Ashworth, Lancashire

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ASHWORTH, a parochial chapelry in the parish of Middleton, union of Bury, hundred of Salford, S. division of the county of Lancaster, 3½ miles (W.) from Rochdale; containing 325 inhabitants. A family named Ashworth was seated here as early as the 13th century, and appears to have been succeeded by the Holts: Richard Holt, an active supporter of the royal cause in the civil war, had his estate sequestrated in 1643; but it was afterwards restored. The manor came subsequently into the possession of the Wilbraham family. Ashworth comprises by measurement 1025 acres; the soil is fertile, the scenery romantic, and the lower part of the township is thickly studded with large oak-trees. The substratum abounds in coal, of which a mine is in operation; and stone of good quality for building is also obtained in great quantity: a fullingmill affords employment to some hands. The living is a perpetual curacy, in the patronage of Wilbraham Egerton, Esq.; net income, £119. The rectorial tithes have been commuted for £15, and the glebe consists of 62 acres. '''The chapel''', a plain stone fabric, '''dedicated to St. James''', stands on the summit of a hill to the north of Ashworth Hall; it was for the most part '''rebuilt in 1789''', and in 1837 the chancel, which was part of a former edifice, was taken down, and the east end of the chapel considerably enlarged. The burial-ground commands an extensive view of the adjacent hills and vales. A daily school, founded by Mr. Egerton in 1828, is partly supported by that gentleman, by whom, also, premises for a Sunday school were built in 1838.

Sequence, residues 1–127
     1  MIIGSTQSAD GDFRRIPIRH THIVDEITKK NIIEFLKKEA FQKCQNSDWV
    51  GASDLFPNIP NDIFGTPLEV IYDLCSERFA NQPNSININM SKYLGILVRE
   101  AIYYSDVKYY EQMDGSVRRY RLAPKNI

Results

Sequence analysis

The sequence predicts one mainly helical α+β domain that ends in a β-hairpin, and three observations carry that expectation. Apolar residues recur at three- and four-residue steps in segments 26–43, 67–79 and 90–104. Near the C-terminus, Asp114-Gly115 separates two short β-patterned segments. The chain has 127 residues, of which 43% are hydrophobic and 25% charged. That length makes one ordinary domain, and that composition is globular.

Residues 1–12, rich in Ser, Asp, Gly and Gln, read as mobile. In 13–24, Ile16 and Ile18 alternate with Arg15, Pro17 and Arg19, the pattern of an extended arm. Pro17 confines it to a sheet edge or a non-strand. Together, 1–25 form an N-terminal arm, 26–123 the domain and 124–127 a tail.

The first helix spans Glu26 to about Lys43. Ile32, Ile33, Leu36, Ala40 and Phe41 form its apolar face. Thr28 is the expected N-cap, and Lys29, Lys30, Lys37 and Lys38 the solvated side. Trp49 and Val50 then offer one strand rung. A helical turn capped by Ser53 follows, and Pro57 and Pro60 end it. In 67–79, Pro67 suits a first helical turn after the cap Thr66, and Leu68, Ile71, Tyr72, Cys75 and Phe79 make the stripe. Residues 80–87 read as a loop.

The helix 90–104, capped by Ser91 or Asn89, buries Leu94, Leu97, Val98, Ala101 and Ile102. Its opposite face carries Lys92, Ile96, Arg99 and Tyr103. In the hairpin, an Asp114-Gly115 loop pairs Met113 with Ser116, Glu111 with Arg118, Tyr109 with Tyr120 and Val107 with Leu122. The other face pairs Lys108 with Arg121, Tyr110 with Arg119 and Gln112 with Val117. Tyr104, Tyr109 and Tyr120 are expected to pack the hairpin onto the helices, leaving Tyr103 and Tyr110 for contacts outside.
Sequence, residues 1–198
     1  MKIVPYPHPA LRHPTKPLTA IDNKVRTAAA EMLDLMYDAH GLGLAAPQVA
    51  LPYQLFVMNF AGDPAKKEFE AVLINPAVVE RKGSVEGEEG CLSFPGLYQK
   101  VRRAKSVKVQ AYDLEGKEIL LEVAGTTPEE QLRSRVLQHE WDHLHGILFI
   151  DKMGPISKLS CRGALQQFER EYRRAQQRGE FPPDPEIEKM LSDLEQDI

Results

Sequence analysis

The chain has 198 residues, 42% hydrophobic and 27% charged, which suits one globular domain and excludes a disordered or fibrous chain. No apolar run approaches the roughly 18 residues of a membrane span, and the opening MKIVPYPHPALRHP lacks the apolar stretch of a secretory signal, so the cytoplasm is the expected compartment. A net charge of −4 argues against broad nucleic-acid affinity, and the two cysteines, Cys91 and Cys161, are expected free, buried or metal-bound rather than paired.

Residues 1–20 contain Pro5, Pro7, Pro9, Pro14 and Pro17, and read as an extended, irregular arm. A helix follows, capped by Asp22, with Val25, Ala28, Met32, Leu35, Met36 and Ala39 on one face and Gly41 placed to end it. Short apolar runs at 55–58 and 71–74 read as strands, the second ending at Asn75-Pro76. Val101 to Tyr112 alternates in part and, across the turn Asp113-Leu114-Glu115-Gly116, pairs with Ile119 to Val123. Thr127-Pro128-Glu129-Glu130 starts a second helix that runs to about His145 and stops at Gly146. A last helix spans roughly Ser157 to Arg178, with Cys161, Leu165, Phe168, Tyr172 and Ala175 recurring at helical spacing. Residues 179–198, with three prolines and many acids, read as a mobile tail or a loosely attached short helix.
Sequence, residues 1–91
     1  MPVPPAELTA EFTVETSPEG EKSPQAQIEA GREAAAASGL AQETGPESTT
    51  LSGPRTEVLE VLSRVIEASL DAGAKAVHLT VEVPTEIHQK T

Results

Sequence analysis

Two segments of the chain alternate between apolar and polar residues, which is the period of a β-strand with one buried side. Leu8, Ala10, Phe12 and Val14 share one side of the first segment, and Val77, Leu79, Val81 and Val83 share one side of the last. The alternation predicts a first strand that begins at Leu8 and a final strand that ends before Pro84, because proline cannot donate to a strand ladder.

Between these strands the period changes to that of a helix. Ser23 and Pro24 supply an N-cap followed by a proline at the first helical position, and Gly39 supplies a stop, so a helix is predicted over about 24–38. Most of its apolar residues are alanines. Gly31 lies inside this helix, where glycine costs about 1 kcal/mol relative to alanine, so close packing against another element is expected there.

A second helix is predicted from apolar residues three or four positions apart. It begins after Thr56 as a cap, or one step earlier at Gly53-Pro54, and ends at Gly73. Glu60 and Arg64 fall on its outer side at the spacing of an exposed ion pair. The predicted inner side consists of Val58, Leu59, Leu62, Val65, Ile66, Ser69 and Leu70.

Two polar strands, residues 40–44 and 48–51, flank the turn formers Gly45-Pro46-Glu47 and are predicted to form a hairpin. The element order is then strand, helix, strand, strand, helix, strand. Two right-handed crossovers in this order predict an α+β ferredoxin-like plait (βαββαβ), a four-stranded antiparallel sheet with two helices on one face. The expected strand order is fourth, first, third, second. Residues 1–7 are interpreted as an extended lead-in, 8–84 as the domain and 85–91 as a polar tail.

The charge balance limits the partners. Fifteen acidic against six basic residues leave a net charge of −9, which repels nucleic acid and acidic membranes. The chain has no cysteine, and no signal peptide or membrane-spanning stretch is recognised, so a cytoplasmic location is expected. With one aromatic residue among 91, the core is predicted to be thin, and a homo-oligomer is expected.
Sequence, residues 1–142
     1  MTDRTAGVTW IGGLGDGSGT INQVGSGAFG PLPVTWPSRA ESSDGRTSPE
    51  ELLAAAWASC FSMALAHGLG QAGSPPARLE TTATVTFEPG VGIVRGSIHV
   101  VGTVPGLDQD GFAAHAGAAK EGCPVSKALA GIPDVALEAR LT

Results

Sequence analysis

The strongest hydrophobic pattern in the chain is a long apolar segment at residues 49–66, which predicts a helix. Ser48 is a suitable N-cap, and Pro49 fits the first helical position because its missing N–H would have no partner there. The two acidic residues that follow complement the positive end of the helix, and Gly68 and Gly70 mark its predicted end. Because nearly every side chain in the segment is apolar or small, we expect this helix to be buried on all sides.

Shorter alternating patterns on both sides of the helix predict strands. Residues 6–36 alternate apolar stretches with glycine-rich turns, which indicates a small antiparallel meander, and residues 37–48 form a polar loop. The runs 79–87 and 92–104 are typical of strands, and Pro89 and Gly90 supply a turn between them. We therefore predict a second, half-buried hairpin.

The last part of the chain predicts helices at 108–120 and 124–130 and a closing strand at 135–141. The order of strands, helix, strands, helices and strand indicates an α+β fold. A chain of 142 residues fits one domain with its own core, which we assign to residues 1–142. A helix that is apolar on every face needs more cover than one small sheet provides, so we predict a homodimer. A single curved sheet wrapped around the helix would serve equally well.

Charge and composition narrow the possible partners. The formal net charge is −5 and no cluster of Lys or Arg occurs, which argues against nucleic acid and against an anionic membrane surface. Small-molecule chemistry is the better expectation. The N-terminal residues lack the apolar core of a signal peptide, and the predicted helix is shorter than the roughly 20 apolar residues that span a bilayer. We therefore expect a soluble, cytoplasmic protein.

ASHWORTH, a parochial chapelry in the parish of Middleton, union of Bury, hundred of Salford, S. division of the county of Lancaster, 3½ miles (W.) from Rochdale; containing 325 inhabitants. A family named Ashworth was seated here as early as the 13th century, and appears to have been succeeded by the Holts: Richard Holt, an active supporter of the royal cause in the civil war, had his estate sequestrated in 1643; but it was afterwards restored. The manor came subsequently into the possession of the Wilbraham family. Ashworth comprises by measurement 1025 acres; the soil is fertile, the scenery romantic, and the lower part of the township is thickly studded with large oak-trees. The substratum abounds in coal, of which a mine is in operation; and stone of good quality for building is also obtained in great quantity: a fullingmill affords employment to some hands. The living is a perpetual curacy, in the patronage of Wilbraham Egerton, Esq.; net income, £119. The rectorial tithes have been commuted for £15, and the glebe consists of 62 acres. '''The chapel''', a plain stone fabric, '''dedicated to St. James''', stands on the summit of a hill to the north of Ashworth Hall; it was for the most part '''rebuilt in 1789''', and in 1837 the chancel, which was part of a former edifice, was taken down, and the east end of the chapel considerably enlarged. The burial-ground commands an extensive view of the adjacent hills and vales. A daily school, founded by Mr. Egerton in 1828, is partly supported by that gentleman, by whom, also, premises for a Sunday school were built in 1838.